New meta-analysis links Vitamin D supplements to lower cancer death risk
Pooling data from 52 trials – which totaled 75,454 participants – indicated that vitamin D supplementation was not associated with a reduction in so-called “all cause mortality”, but it was associated with a statistically significantly reduced the risk of cancer death.
Writing in the British Medical Journal scientists from China and the US report that the effects were more pronounced for vitamin D3 vs D2 supplementation.
“The current study found that all cause mortality was significantly lower among trials with vitamin D3 supplementation than in trials with vitamin D2 supplementation, with a trend towards reduced all cause mortality in those taking vitamin D3 (P=0.06),” they wrote.
“Similarly, vitamin D3 supplementation reduced the risk of cancer death, but vitamin D2 did not.
“Another finding from subgroup analysis suggested that all cause mortality was significantly lower in trials with longer follow-up, and that the benefit of reduced cancer mortality was seen in trials with longer follow-up (more than three years) but not in those with a shorter follow-up. According to these findings, supplementation with vitamin D3 for at least three years should be considered,” they added.
Vitamin D and cancer
The potential anti-cancer effects of vitamin D have been reported many times over the years, although the overall data is conflicting. The link was first proposed in 1941 when Frank Apperly demonstrated a link between latitude and deaths from cancer, and suggested that sunlight gave "a relative cancer immunity".
Since then there have been numerous studies suggesting associations between vitamin D and lower risks of certain cancers.
Commenting on the new study, Andrea Wong, Ph.D., vice president, scientific & regulatory affairs at the Council for Responsible Nutrition, called the new findings “promising” but called for more research into the topic.
“Scientific evidence demonstrating the benefits of vitamin D continues to grow, and this new research, which finds an association between vitamin D supplementation and reduced risk of cancer death, is no exception,” said Dr Wong. “CRN considers the newest findings to be promising, and we strongly encourage further investigations into the association between vitamin D and this particular outcome.
“Cancer is complex and multifactorial. Taking a long-term, comprehensive approach in consultation with a healthcare practitioner is what contributes the most to disease prevention. Optimal nutrition is only one component of many.”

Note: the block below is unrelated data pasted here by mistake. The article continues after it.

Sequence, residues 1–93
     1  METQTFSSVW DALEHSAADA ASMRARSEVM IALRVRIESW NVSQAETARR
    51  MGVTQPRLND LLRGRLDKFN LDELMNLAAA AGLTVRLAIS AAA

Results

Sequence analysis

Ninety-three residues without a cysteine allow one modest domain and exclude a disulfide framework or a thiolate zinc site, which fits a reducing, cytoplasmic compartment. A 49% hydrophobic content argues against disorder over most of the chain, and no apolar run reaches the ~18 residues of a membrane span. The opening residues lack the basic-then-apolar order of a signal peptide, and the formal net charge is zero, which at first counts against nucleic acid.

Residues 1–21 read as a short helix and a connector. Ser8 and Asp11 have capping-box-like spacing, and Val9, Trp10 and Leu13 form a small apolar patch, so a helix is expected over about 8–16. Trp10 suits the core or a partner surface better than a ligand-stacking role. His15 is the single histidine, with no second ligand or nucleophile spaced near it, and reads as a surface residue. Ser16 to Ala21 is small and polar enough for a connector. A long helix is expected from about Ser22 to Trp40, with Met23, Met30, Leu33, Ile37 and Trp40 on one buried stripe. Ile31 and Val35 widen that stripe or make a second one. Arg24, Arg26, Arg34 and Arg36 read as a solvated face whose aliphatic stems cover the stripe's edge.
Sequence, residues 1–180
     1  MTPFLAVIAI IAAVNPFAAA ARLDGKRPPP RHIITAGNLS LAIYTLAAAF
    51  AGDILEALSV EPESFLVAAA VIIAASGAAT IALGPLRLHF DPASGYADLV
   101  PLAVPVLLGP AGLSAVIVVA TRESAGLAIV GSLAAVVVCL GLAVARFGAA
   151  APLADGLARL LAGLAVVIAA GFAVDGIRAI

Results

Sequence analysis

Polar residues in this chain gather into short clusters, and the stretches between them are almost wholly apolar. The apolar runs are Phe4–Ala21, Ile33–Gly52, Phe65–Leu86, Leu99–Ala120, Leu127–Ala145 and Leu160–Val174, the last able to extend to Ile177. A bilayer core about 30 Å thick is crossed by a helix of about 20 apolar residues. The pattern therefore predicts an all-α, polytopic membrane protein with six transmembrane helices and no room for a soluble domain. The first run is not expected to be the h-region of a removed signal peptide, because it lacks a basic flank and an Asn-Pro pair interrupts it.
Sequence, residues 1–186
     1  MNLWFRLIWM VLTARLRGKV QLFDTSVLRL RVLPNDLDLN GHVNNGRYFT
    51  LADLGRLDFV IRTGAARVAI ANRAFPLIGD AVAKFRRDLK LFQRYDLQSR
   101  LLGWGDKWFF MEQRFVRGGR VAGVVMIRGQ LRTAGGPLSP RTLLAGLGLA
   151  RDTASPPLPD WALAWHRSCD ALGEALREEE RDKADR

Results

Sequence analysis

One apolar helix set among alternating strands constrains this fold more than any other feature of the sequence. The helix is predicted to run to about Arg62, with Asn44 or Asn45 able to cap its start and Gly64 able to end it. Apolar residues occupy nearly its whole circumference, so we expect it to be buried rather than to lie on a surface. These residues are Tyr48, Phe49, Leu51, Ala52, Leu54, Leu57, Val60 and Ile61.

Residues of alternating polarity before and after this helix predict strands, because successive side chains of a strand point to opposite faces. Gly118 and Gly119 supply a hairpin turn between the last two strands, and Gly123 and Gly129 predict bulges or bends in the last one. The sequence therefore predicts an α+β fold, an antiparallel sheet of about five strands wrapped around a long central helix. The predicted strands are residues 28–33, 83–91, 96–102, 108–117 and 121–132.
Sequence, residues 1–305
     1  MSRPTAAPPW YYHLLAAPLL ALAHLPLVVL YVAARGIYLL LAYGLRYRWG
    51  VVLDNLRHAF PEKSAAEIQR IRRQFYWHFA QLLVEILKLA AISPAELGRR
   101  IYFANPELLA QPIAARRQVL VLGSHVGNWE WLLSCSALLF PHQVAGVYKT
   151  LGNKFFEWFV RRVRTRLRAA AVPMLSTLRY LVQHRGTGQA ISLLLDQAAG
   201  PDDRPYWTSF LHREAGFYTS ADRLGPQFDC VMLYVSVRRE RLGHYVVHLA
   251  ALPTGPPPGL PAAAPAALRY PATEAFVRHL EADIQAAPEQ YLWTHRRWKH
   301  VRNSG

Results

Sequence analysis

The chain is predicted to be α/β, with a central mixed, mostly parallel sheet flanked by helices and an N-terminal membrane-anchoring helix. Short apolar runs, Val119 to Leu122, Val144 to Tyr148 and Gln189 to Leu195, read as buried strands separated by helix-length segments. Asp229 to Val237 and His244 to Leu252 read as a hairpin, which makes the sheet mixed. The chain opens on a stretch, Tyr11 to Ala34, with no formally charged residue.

The China and US-based scientists set out to investigate if there was a relationship between vitamin D supplementation and mortality in adults.
Data from 52 trials qualified for inclusion in their analysis, which revealed that while vitamin D supplementation over all was not associated with all-cause mortality risk, a significant reduction in cancer death risk was observed. Further analysis revealed that this was only seen for vitamin D3 supplementation, and not D2 supplementation.
The researchers called for additional large clinical studies to further investigate these relationships, but noted that three ongoing trials have the potential to corroborate or refute the findings, including the D-Health trial (Australia), the VIDAL (Vitamin D and Longevity) trial (UK), and the DO-HEALTH (Vitamin D3-Omega3-Home Exercise-Healthy Ageing and Longevity) trial.
“Although none of these trials have screened for low baseline 25 hydroxyvitamin D for eligibility, all trials have used vitamin D3 as the intervention,” noted the researchers.
The sunshine vitamin
Vitamin D refers to two biologically inactive precursors - D3, also known as cholecalciferol, and D2, also known as ergocalciferol. Both D3 and D2 precursors are transformed in the liver and kidneys into 25- hydroxyvitamin D (25(OH)D), the non-active 'storage' form, and 1,25-dihydroxyvitamin D (1,25(OH)2D).
While our bodies do manufacture vitamin D on exposure to sunshine, the levels in some northern countries are so weak during the winter months that our body makes no vitamin D at all, meaning that dietary supplements and fortified foods are seen by many as the best way to boost intakes of vitamin D.
Vitamin D: A nutrient of public health concern
CRN’s Dr Wong added that, “everyone, at any life stage, has a nutritional need for vitamin D. It is an essential nutrient, critical to overall health, and yet most people do not get enough, which is why the most recent Dietary Guidelines identified vitamin D as a nutrient of public health concern.
“Additionally, the prevalence of vitamin D shortfalls—and the adverse health outcomes affiliated with under-consumption of this nutrient—is why so many healthcare practitioners recommend their patients take a vitamin D supplement.”
“Taking vitamin D supplements is a safe and appropriate way to achieve healthy levels, especially because vitamin D is not easily obtained through food alone,” she said. “CRN encourages consumers to have their serum vitamin D levels checked, and to consult with their doctor or other healthcare practitioner about the role supplementation plays in their overall health and wellness regimen.”
Source: British Medical Journal
2019; 366, doi: 10.1136/bmj.l4673
“Association between vitamin D supplementation and mortality: systematic review and meta-analysis”
Authors: Y. Zhang et al.